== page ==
Another Type of Arab Uprising

By Oris Aigbokhaevbolo

Over the past few years, sounds from Middle Eastern countries have been those of violent protestations. Against government, against injustice and for freedom, those sounds have both enriched Arab filmmakers as well as eclipsed their efforts.

For distributors working in the region and in art-house fare, the problem is two-fold: establishing a space for alternative cinema as well as drawing audiences to see these films. Addressing these issues was the panel “Crossroads to Culture: Cinema(s) in the Arab World“, with speakers Hania Mroué and Irit Neidhardt, distributors from the region; and Youssef El Shazli, who runs an art-house cinema.

“The idea was to create a platform for these films,” said El Shazli. “We've tried to create commercial value for these films.” His cinema makes use of a space abutting the emergency exit of an existing blockbuster cinema. Local attention has had to be directed from popular films to these less attractive films made occasionally by local directors. To that end, partnerships between Egyptian blogs, radio and television have been erected. “They show our stuff, we show their stuff.”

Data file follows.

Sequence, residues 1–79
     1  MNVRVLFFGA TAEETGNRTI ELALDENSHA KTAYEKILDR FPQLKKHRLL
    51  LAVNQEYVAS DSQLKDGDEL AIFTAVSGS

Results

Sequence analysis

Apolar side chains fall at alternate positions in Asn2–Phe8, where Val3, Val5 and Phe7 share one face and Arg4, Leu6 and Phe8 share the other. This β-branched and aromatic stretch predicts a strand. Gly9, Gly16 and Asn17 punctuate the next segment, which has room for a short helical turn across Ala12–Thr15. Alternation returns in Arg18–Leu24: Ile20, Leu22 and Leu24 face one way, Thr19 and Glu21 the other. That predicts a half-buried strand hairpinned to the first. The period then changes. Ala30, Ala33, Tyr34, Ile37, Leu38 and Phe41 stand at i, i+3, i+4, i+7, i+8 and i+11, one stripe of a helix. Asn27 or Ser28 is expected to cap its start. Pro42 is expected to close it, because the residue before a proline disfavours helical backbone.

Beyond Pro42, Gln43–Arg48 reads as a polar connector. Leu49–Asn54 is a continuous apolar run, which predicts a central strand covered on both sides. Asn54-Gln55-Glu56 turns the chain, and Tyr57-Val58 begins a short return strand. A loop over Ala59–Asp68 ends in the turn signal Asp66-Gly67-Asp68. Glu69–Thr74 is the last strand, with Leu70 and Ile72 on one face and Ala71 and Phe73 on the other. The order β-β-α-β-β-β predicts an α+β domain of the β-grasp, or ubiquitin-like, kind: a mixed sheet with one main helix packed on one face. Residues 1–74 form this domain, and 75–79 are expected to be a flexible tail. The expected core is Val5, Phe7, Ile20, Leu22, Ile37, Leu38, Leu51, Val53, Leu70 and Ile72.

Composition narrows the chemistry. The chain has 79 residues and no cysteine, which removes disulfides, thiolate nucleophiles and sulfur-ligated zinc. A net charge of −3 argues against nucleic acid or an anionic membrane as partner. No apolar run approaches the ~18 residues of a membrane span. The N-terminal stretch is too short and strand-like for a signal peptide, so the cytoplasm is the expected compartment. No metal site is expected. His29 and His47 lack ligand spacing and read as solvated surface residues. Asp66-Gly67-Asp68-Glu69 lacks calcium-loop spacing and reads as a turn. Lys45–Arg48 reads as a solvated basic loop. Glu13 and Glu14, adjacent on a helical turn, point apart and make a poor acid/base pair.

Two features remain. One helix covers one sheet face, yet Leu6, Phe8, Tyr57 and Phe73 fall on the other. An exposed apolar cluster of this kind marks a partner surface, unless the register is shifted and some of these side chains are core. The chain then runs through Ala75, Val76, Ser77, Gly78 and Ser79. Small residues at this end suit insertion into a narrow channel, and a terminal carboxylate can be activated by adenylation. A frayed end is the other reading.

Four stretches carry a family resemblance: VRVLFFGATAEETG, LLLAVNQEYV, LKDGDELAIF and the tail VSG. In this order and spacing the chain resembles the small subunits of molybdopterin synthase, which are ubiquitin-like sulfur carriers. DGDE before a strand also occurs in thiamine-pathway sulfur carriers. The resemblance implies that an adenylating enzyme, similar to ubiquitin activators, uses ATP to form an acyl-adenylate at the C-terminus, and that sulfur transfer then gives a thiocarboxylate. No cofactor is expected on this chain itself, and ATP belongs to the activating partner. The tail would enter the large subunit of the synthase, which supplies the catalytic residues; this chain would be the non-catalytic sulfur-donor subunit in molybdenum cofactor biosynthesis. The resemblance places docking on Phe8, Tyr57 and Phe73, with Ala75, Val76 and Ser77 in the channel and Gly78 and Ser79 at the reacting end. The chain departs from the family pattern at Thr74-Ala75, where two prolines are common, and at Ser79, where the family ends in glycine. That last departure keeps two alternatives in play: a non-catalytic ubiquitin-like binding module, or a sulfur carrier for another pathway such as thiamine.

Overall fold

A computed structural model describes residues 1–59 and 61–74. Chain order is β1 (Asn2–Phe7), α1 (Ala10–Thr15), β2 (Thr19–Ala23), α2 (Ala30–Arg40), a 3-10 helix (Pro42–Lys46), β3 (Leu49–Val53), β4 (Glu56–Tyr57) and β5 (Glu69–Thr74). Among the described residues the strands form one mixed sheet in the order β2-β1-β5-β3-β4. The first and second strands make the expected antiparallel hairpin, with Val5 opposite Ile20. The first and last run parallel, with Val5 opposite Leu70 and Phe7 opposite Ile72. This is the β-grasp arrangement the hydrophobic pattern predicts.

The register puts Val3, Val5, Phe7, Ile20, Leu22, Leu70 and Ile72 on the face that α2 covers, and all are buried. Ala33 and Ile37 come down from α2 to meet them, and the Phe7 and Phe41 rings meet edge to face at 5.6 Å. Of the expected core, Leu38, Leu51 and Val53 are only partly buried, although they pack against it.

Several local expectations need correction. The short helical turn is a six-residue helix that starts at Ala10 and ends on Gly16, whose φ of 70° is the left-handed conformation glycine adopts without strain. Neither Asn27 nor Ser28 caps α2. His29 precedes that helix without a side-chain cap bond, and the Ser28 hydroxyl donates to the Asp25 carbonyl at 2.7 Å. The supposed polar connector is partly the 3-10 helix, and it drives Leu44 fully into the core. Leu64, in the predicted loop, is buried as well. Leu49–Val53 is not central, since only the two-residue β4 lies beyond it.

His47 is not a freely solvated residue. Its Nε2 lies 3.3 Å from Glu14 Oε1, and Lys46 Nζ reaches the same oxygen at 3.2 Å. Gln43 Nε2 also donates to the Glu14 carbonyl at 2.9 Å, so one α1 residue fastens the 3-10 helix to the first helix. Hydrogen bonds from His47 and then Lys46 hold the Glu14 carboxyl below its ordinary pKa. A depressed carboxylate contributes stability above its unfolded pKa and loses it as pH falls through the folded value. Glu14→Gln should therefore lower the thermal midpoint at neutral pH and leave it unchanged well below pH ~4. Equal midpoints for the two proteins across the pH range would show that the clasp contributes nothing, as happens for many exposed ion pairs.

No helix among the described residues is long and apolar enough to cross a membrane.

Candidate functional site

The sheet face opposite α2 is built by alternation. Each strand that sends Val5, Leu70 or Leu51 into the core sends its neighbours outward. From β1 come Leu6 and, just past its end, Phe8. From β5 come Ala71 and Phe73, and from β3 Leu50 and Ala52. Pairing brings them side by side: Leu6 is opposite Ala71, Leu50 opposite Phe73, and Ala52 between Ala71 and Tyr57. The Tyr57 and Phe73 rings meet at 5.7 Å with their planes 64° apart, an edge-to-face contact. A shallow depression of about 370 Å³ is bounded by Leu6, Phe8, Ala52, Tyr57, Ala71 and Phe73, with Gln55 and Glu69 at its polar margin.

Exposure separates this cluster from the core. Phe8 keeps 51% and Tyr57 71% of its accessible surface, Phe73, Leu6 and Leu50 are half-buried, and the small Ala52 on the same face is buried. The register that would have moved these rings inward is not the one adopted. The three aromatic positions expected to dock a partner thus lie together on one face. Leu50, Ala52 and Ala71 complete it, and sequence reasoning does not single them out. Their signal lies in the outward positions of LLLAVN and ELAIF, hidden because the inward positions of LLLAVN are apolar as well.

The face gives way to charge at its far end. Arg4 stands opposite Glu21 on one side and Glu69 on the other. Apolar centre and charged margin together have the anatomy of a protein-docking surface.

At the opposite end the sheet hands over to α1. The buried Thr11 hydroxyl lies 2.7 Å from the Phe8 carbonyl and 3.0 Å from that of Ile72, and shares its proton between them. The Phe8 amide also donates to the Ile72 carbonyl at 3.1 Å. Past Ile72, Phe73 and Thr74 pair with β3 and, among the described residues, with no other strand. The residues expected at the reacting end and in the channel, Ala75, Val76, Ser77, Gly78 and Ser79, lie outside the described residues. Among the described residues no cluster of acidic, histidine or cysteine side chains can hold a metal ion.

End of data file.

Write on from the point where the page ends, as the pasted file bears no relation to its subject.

Art-house cinemas rarely draw audiences as much as mainstream ones. Thus festivals remain a surer route to reaching an audience. And cultural specific films can be a hard sell on the European festival circuit. “I don't believe film is an international language,” said Mroué.

The panellists agreed that the Arab uprising has increased, for those listening, the attention on the region. Arab cinema has used the opportunity, but perhaps not well enough. Even as attention has increased, the distributors noted that festivals have a limit. Pegging the successful films at a rate of three a year, Mroué noted that, there are “too few festivals to have an international buzz”. “You have to open the channels,” Mroué said in response to how she attracts festival programmers. “Then it is a gamble. I don't do skiing or deep-sea rafting. I distribute.”